OpenJurist

418 F2d 1222 United States v. Hughes

418 F.2d 1222

UNITED STATES of America, Plaintiff-Appellee,
v.
Pressie HUGHES, Jr., Defendant-Appellant.

No. 26955.

United States Court of Appeals Fifth Circuit.

October 27, 1969.

Donald G. Nichols, Jacksonville, Fla., for defendant-appellant.

Edward F. Boardman, U. S. Atty., Joseph W. Hatchett, First Asst. U. S. Atty., John W. Caven, Jr., Asst. U. S. Atty., Jacksonville, Fla., for plaintiff-appellee.

Before TUTTLE, WISDOM and BELL, Circuit Judges.

TUTTLE, Circuit Judge:

1

This appeal from appellant's conviction on three counts of an information charging him with the false making, publishing, and unlawful possession of a stolen United States Treasury check1 makes two contentions: (1) the in-court identification of appellant by two employees of the Marina where an hour-long negotiation for the purchase of an outboard motor followed an out-of-court inspection by the witnesses of a "picture spread" or "rogues gallery" of some thirty persons, and this inspection so tainted their identification as to require exclusion of their eye-witness identification:

2

(2) The check was illegally admitted in evidence, because of a lack of proof of a continuous chain of custody of the check up to the time of trial.

3

As to the first objection, we conclude that the absence of any possibility of unfairness in the manner in which the witnesses were permitted to look at a group of thirty pictures, and the fact that one witness negotiated with appellant for an hour and the other positively identified him as the person who signed the payee's name to the check given in payment for the boat, brings the case within the standards established by this court in United States v. Venere, 5 Cir. 1969, 416 F.2d 144, September 9, 1969, and Simmons v. United States, 1968, 390 U.S. 377, 88 S.Ct. 967, 19 L.Ed.2d 1247. The trial court did not err in admitting the in-court identification.

4

As to the second argument, the check in evidence was identified by official records of the proper government official as being a check issued to one Raymond Gallion; Gallion testified that he never received the check; the witnesses testified that the signature on the check in evidence had been placed there by appellant Hughes. It was not disputed that Hughes was not the payee, Gallion. No further proof of identification of this check described in the information was required. It was not error for the court to admit the check in evidence. If this check is shown to be the one stolen and is shown to be the one falsely endorsed by forging of the name of the payee, there is no requirement that the government show who had custody at each moment between the issuing of the check and the time of trial. See Robinson v. United States, 1960, 109 U.S.App.D.C. 22, 283 F.2d 508, cert. den. 364 U.S. 919, 81 S.Ct. 282, 5 L.Ed. 2d 259, setting forth the guidelines to be applied in deciding the sufficiency of continuity of possession of such an allegedly stolen document.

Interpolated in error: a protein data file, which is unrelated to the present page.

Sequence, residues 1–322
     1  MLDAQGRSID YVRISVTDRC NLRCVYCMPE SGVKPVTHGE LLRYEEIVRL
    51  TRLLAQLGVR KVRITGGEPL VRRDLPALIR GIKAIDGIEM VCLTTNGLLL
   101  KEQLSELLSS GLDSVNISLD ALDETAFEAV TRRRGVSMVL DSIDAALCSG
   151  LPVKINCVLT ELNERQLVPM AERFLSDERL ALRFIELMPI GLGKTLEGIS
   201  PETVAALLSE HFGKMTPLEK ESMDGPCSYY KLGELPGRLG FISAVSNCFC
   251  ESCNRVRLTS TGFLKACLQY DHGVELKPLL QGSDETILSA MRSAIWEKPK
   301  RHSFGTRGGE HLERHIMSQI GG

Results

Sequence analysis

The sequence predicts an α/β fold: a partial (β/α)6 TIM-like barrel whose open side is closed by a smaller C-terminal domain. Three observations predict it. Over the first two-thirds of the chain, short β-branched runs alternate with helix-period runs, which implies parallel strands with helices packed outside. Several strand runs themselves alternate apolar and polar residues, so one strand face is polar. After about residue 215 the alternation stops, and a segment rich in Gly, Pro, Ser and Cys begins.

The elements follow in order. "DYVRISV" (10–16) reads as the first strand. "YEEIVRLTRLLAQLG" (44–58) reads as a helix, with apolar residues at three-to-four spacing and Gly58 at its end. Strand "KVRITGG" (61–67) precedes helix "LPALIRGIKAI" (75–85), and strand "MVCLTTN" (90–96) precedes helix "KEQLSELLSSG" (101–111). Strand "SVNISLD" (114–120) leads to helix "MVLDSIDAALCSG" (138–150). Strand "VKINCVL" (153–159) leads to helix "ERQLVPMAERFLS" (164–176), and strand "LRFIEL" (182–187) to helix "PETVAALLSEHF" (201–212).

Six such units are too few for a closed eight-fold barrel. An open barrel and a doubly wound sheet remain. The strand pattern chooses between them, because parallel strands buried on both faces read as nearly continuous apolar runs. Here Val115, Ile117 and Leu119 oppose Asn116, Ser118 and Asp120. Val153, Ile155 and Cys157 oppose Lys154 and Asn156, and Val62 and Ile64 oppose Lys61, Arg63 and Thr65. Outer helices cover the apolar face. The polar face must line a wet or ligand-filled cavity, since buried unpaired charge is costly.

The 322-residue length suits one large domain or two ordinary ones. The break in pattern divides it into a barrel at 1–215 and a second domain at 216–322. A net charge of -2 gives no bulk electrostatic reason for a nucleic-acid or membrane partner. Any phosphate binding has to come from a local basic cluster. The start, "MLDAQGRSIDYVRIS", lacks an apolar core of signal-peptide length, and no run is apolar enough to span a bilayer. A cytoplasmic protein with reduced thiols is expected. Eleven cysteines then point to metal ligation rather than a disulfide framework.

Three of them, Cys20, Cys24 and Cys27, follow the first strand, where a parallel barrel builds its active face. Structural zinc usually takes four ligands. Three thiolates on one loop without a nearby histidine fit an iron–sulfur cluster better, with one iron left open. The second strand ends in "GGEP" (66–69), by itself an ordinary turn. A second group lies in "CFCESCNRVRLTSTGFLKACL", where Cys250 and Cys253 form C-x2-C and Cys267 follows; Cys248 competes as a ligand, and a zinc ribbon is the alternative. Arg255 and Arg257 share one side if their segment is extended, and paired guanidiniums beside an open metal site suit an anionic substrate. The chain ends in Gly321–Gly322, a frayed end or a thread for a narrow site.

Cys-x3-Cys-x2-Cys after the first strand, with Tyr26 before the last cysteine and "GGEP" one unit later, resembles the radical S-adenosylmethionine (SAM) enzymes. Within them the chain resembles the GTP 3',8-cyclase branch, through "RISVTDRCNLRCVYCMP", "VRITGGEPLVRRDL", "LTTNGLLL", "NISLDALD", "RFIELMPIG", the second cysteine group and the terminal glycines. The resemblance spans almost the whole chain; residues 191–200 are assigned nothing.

5

The judgment is affirmed.

Notes:

1

See 18 U.S.C.A. § 495 and § 1708:

"§ 495. Contracts, deeds, and powers of attorney.

Whoever falsely makes, alters, forges, or counterfeits any deed, power of attorney, order, certificate, receipt, contract, or other writing, for the purpose of obtaining or receiving, or of enabling any other person, either directly or indirectly, to obtain or receive from the United States or any officers or agents thereof, any sum of money; or

Whoever utters or publishes as true any such false, forged, altered, or counterfeited writing, with intent to defraud the United States, knowing the same to be false, altered, forged, or counterfeited; or

Whoever transmits to, or presents at any office or officer to the United States, any such writing in support of, or in relation to, any account or claim, with intent to defraud the United States, knowing the same to be false, altered, forged, or counterfeited —

Shall be fined not more than $1,000 or imprisoned not more than ten years, or both."

"1708. Theft or receipt of stolen mail matter generally. Whoever steals, takes, or abstracts, or by fraud or deception obtains, or attempts so to obtain, from or out of any mail, post office, or station thereof, letter box, mail receptacle, or any mail route or other authorized depository for mail matter, or from a letter or mail carrier, any letter, postal card, package, bag, or mail, or abstracts or removes from any such letter, package, bag, or mail, any article or thing contained therein, or secretes, embezzles, or destroys any such letter, postal card, package, bag, or mail, or any article or thing contained therein; or

Whoever steals, takes, or abstracts, or by fraud or deception obtains any letter, postal card, package, bag, or mail, or any article or thing contained therein which has been left for collection upon or adjacent to a collection box or other authorized depository of mail matter; or

Whoever buys, receives, or conceals, or unlawfully has in his possession, any letter, postal card, package, bag, or mail, or any article or thing contained therein, which has been so stolen, taken, embezzled, or abstracted, as herein described, knowing the same to have been stolen, taken, embezzled, or abstracted — Shall be fined not more than $2,000 or imprisoned not more than five years, or both; but if the value or face value of any such article or thing does not exceed $100, he shall be fined not more than $1,000 or imprisoned not more than one year, or both."